Lake Tahoe is being invaded. But not by skiers or Bay Area residents seeking a relaxing weekend at the beach.
In a troubling trend, scientists have discovered the rapid spread of the Asian clam, an exotic bivalve roughly the size of a dime, in the mud and sediments around Tahoe's south shore.
Although it is too early to know what the clam's impact will be, in a worst-case scenario, its continued spread could litter beaches with sharp shells and consume plankton that fish rely on for food. Worse, the clam appears to be sparking the growth of stringy green algae that feeds on its waste, leading to concerns that some sections of the lake's azure blue waters eventually could turn a murky green.
"It goes beyond not wanting to put your foot on algae that is rotting on the shore," said John Reuter, an aquatic ecologist with UC-Davis.
"Lake Tahoe is a place that people have tried hard to protect. These invasive species get us further and further away from the pristine condition of the lake that people would like to see."
In 2002, only a few of the clams were first spotted in Tahoe's waters. But now, as many as 3,000 per square meter — an area about the size of a child's sandbox — are clogging some parts of the lake's southeastern edges between Zephyr Cove and South Lake Tahoe, according to a study released Tuesday by the UC-Davis Tahoe Environmental Research Center.
"They've really exploded over the last few years," said Reuter.
UC-Davis, working with the University of Nevada, Reno and the University of British Columbia, is surveying the entire lake to understand the extent of the problem.
The clams burrow about 8 inches deep in the mud, from the shore to waters about 140 feet deep. They live up to four years, producing as many as 100,000 offspring.
They were first spotted seven years ago by scientists scuba diving who noticed their shells on the lake bottom. Nobody knows how they got to the lake.
Found in the Sacramento River and other bodies of freshwater, the clam, which is native to China, Korea and other Asian countries, was first reported in the United States in the 1920s, when Chinese immigrants brought it over for food.
Like many other invasive species, from kudzu grass to star thistle, it spread out of control. Asian clams are now found in the Mississippi River, the East Coast, even some major European rivers such as the Danube and the Rhine.
"Some people use them as bait. That may be the way they came in to Lake Tahoe. They don't normally attach to boat hulls," said biologist Andrew Cohen, director of the Center for Research on Aquatic Bioinvasions, in Richmond.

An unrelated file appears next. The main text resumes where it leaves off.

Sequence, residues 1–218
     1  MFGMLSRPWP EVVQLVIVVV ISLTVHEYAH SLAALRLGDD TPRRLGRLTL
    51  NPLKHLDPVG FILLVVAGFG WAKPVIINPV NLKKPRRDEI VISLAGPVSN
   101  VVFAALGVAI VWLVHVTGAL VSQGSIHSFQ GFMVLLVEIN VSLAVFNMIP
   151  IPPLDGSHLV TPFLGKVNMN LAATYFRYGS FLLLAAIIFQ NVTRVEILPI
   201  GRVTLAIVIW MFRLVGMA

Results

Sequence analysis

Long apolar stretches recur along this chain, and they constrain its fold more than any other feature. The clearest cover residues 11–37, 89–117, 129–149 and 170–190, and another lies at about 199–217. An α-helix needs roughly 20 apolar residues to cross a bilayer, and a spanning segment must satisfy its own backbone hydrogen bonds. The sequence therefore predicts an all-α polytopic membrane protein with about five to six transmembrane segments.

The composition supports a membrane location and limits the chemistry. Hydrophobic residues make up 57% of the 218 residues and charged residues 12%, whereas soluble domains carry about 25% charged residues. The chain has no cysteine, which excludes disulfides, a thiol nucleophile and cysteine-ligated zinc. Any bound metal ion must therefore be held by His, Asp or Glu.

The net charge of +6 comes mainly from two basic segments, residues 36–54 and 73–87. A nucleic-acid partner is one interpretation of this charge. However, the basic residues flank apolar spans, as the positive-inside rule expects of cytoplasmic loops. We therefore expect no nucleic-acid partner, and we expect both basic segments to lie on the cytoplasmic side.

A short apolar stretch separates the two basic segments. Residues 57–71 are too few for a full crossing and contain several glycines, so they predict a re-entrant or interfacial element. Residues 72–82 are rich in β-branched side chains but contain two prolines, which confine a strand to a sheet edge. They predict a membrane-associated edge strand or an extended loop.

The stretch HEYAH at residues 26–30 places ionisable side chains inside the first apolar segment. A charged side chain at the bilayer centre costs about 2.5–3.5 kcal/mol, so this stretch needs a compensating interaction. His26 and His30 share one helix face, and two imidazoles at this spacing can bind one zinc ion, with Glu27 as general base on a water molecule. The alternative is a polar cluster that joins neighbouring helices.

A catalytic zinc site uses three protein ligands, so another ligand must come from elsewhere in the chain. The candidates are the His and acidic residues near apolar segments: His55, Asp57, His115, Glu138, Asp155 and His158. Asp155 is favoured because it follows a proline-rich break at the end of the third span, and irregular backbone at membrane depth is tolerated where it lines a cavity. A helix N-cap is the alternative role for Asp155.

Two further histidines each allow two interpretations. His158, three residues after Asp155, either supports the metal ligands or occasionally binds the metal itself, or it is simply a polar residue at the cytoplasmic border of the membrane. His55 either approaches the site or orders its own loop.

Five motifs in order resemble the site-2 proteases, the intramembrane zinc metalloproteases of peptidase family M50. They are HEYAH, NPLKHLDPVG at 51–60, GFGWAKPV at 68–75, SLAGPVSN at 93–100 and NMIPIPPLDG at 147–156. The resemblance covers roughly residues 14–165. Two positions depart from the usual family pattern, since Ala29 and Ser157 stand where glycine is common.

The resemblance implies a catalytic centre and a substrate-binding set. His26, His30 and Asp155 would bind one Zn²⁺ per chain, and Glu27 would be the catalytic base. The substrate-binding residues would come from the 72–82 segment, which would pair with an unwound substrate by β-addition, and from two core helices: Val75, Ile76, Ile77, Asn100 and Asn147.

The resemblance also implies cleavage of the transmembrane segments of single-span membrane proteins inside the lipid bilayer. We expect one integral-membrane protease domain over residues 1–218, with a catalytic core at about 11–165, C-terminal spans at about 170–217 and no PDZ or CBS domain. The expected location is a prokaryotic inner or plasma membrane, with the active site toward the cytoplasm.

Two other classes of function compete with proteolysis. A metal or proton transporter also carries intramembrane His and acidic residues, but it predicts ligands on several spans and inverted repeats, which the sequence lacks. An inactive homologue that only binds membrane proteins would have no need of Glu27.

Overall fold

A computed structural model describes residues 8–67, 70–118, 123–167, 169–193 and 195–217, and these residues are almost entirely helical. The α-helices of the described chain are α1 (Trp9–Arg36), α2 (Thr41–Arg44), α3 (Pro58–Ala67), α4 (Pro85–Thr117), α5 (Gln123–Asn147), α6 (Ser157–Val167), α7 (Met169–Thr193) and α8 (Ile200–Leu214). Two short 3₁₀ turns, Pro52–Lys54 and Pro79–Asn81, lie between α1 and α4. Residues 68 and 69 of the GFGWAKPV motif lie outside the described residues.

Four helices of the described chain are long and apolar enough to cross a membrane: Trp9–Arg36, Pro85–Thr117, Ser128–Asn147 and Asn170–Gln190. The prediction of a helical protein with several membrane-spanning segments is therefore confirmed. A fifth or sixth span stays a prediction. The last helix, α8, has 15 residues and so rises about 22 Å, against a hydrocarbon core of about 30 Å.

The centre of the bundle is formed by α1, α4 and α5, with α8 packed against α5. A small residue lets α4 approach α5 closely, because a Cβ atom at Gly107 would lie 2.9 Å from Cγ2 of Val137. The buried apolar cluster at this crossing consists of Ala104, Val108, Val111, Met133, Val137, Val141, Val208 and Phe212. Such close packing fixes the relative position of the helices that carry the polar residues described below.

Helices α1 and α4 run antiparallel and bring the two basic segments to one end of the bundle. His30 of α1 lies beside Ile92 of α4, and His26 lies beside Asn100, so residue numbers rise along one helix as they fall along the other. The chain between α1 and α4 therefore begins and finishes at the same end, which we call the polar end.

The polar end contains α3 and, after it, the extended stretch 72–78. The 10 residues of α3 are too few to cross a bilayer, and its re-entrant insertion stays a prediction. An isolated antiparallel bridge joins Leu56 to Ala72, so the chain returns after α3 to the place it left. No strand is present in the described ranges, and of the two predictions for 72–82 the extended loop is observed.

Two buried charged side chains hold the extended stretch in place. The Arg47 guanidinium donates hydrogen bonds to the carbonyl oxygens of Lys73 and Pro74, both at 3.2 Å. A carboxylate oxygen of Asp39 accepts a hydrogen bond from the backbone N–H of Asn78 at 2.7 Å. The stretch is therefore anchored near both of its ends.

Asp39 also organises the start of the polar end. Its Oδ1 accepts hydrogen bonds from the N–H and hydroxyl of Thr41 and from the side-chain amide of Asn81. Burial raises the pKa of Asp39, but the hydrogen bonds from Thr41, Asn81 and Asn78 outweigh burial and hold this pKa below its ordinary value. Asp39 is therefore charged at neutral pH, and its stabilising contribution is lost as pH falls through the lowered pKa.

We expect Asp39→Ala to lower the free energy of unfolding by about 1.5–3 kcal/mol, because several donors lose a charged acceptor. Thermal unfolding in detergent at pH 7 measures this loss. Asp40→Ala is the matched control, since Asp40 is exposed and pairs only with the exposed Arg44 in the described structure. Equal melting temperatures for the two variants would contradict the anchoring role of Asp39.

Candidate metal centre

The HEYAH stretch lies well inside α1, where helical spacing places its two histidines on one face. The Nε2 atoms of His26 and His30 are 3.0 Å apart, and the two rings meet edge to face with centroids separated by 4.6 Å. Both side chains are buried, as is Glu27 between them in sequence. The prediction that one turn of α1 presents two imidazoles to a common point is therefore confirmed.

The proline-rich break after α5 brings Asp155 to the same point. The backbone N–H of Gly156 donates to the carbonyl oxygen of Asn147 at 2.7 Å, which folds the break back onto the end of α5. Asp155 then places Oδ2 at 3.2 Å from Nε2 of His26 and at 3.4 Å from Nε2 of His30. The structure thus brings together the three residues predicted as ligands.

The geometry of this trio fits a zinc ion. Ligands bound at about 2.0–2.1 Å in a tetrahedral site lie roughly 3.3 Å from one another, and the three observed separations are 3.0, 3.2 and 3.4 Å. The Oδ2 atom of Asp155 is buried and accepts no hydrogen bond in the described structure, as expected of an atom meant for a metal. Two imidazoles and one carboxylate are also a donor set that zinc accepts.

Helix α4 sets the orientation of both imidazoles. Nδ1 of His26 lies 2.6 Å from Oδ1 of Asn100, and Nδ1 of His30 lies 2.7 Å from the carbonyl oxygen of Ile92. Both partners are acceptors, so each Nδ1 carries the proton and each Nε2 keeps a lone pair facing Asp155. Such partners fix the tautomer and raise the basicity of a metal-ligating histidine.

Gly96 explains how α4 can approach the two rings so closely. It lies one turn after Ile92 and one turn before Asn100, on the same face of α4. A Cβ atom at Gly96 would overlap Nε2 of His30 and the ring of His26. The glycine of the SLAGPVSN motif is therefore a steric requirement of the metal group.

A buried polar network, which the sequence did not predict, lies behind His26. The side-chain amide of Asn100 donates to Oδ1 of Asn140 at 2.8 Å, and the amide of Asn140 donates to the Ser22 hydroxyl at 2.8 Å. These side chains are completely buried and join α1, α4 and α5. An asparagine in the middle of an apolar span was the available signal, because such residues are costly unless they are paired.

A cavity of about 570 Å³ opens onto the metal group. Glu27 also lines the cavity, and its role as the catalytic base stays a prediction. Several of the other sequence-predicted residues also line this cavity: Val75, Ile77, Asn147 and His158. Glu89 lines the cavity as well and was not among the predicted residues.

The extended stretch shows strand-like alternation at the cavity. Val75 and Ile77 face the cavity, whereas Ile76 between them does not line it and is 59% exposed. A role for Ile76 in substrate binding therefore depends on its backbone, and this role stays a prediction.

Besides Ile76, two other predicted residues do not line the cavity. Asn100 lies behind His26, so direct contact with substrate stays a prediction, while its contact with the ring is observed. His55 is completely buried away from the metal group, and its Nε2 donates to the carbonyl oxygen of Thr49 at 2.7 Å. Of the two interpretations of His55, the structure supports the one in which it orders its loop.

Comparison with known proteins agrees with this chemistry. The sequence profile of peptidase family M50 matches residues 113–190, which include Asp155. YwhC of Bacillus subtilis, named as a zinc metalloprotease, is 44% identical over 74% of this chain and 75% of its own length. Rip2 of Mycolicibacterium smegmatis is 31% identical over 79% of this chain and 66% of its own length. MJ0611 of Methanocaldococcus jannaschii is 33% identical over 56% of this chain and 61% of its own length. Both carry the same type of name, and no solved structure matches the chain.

Cohen has documented more than 250 invasive species in San Francisco Bay and its delta. A similar saltwater species of Asian clam lives in the Bay, he noted.
Researchers say it is too soon to know what the impact on fish and other species will be.
"They'll remove some food by filter feeding, which could help improve water quality. But there are going to be some losers too," said Cohen.
"If they remove enough plankton — and I don't know if that's possible given the depth of Lake Tahoe — the food web could be affected, everything that feeds on plankton, from fish to small crustaceans."
Scientists also worry that the Asian clam could make it easier for more harmful invasive mollusks, including the zebra mussel and quagga mussel, to move into Lake Tahoe. That's because the Asian clam's shells are high in calcium, and the zebra and quagga mussels thrive in calcium rich water.
The zebra mussel has caused hundreds of millions of dollars in damage in the Great Lakes, clogging water pipes, covering boat hulls and sucking massive amounts of plankton from the water.
Last summer, after several zebra and quagga mussels were found on boats, local and state agencies began requiring any boat coming into Lake Tahoe to be inspected. But the inspections only cover public marinas and don't affect boats launched from the shore or the more than 500 private piers around the lake.
Although only 66,000 people live around Lake Tahoe year-round, 3 million people visit each year, many of them from the Bay Area.
"We rely to a great degree on education and the goodwill of our visitors to do the right thing," said Rochelle Nason, executive director of the League to Save Lake Tahoe.
"But there are always the handful of bad apples, and they can pose a great threat in many different ways. Uninspected boats entering the lake is the newest problem."
Over the past 150 years, several other non-native species have been added to Lake Tahoe, including bass, bluegill and brook trout, for fishing. Those fish helped drive the native Lahontan trout nearly to extinction.
Reuter, of UC-Davis, said his colleagues are experimenting with ways to eradicate, or at least limit the spread, of Asian clams. One method involves vacuuming high concentrations of them off the bottom with suction hoses. Another involves attempting to smother them with covers laid over the mud.
But the best approach so far is to not introduce any more, he said, and to keep the zebra and quagga mussels from ever invading California's most renowned alpine lake.
"The best approach is to be proactive," he said.
Contact Paul Rogers at 408-920-5045.
Size: 10 millimeters wide, about the size of a dime
Life span: 1-4 years
Offspring: Can produce 100,000 in a lifetime
Native to: China, Korea, Taiwan, Japan
First found at Lake Tahoe: 2002